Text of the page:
Global Security Newswire
Daily News on Nuclear, Biological & Chemical Weapons, Terrorism and Related Issues
Y-12 Plant Suspends Nuclear Arms Activities Over Feared Vulnerabilities
The Y-12 National Security Complex in Tennessee has suspended all atomic activities, locked away stores of refined uranium and mandated personnel retraining in response to mounting fears over defensive shortcomings after three antiwar advocates infiltrated the Tennessee nuclear arms site on Saturday, the Knoxville News Sentinel reported on Thursday (see GSN, July 31).
The National Nuclear Security Administration voiced complete backing for the "security stand-down" instituted by B&W Y-12, which operates the site. The action is "necessary to ensure continued confidence in safe and secure operations at Y-12," the semiautonomous Energy Department agency said in a statement.
The halt's duration was still undecided, according to government personnel. It could remain in effect for around seven days, the News Sentinel reported.
The three activists entered Y-12's "Protected Area" -- the plant's most heavily guarded section and its site for atomic arms activities and bomb-grade uranium storage -- and reportedly dumped blood, put up placards and added painted wording to the sides of structures prior to their apprehension early on Saturday (Frank Munger, Knoxville News Sentinel l , Aug. 2). NNSA spokesman Steven Wyatt on Tuesday said the trespassers had employed wire clippers to pass through Protected Area barriers, but rejected allegations that they had been present nearby for 120 minutes prior to gaining entry (Frank Munger, Knoxville News Sentinel II, Aug. 1).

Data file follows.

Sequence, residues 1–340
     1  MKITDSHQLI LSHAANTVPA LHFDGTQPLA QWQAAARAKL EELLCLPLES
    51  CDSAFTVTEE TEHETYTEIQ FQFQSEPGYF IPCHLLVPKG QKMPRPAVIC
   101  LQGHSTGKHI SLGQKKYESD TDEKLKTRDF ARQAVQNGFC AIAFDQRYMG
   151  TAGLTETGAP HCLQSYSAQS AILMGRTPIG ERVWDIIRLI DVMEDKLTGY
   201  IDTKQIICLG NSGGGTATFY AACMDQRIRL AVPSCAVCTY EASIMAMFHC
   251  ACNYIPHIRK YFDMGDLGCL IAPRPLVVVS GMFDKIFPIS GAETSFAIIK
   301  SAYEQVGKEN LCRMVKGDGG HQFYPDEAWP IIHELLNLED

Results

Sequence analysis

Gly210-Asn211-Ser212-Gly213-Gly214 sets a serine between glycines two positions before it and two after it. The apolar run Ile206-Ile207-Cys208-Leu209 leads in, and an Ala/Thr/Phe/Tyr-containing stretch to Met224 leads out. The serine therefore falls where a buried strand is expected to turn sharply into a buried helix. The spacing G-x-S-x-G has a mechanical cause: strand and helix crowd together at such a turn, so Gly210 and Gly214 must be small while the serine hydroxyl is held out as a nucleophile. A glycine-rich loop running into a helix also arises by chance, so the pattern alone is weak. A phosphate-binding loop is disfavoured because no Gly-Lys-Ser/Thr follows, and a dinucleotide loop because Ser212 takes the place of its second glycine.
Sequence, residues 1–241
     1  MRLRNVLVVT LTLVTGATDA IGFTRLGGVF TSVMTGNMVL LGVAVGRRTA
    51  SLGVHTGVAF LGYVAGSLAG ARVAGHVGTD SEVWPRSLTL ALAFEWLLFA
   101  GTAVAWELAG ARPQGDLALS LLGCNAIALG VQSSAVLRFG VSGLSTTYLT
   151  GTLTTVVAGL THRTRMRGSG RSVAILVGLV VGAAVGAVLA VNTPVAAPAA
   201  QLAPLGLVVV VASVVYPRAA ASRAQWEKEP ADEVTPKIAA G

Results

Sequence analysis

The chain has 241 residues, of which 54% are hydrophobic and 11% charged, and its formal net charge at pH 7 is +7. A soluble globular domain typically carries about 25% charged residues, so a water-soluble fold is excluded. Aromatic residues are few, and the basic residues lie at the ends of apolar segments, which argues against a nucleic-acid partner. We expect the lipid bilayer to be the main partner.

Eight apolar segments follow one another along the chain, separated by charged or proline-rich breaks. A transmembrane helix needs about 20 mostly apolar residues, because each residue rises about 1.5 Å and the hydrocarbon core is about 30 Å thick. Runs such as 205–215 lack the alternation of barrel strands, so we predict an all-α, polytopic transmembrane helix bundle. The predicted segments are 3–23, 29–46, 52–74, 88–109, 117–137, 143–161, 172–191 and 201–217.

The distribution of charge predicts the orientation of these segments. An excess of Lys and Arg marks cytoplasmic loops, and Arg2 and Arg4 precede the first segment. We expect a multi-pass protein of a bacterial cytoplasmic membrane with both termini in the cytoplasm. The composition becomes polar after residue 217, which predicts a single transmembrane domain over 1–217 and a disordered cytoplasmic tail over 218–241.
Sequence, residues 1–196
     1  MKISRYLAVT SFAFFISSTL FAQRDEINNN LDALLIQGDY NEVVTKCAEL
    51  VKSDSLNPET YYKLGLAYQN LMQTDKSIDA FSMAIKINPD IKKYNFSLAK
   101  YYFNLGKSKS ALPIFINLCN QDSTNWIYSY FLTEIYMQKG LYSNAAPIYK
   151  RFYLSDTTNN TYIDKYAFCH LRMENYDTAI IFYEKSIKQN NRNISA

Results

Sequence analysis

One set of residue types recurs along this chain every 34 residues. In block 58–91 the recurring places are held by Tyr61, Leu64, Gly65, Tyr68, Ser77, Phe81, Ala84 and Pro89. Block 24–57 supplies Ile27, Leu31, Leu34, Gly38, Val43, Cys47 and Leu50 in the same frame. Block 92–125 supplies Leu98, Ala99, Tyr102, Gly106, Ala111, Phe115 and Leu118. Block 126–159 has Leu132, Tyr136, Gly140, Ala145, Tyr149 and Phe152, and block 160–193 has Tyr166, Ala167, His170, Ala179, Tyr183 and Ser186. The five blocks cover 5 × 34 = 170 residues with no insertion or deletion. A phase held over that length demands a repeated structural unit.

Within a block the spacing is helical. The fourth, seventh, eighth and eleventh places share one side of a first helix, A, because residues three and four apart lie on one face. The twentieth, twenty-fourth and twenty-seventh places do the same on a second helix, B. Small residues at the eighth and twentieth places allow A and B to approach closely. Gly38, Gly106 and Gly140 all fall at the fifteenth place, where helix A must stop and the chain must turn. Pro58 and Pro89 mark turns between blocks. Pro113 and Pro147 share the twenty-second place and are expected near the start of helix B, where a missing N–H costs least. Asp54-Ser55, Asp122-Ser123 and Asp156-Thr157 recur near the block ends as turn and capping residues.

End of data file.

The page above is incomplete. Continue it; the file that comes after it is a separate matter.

After the Saturday development, NNSA and B&W Y-12 officials heightened their scrutiny of site practices and discovered additional breaches of protection protocols. The findings had no relation to a probe linked to last week's unauthorized entry, Wyatt said.
The official would not elaborate on the breaches or specify whether they would result in any terminations in employment or other punitive measures. "It would be inappropriate for us to discuss disciplinary or employment-related information," he wrote in an e-mail statement.
Facility managers on Wednesday entered training programs for site protection procedures, and additional site personnel are set within days to start participating in similar initiatives. Wyatt said the education effort would extend to the facility's entire workforce, which numbers in the thousands.
"This is being done to address additional security training and execution deficiencies identified by the contractor after Saturday's incident," the spokesman stated.
The National Nuclear Security Administration "remains entirely confident in the security of Y-12's facilities," the agency stated. The facility's atomic assets are now under guard and protected against hazards, it added.
One expert, though, said the activities suspension indicates officials might have uncovered additional "drastic flaws in security" at the site.
"At this point we can only guess what those flaws might be," Project on Government Oversight atomic protection specialist Peter Stockton wrote in an e-mail (Munger, Knoxville News Sentinel I).
NNSA personnel would "look very hard" into Saturday's incident, Wyatt said on Tuesday.
"We are taking this matter very seriously," he said, adding government workers would be "looking at all aspects of what occurred Saturday" (Frank Munger, Knoxville News Sentinel III, Aug. 1).
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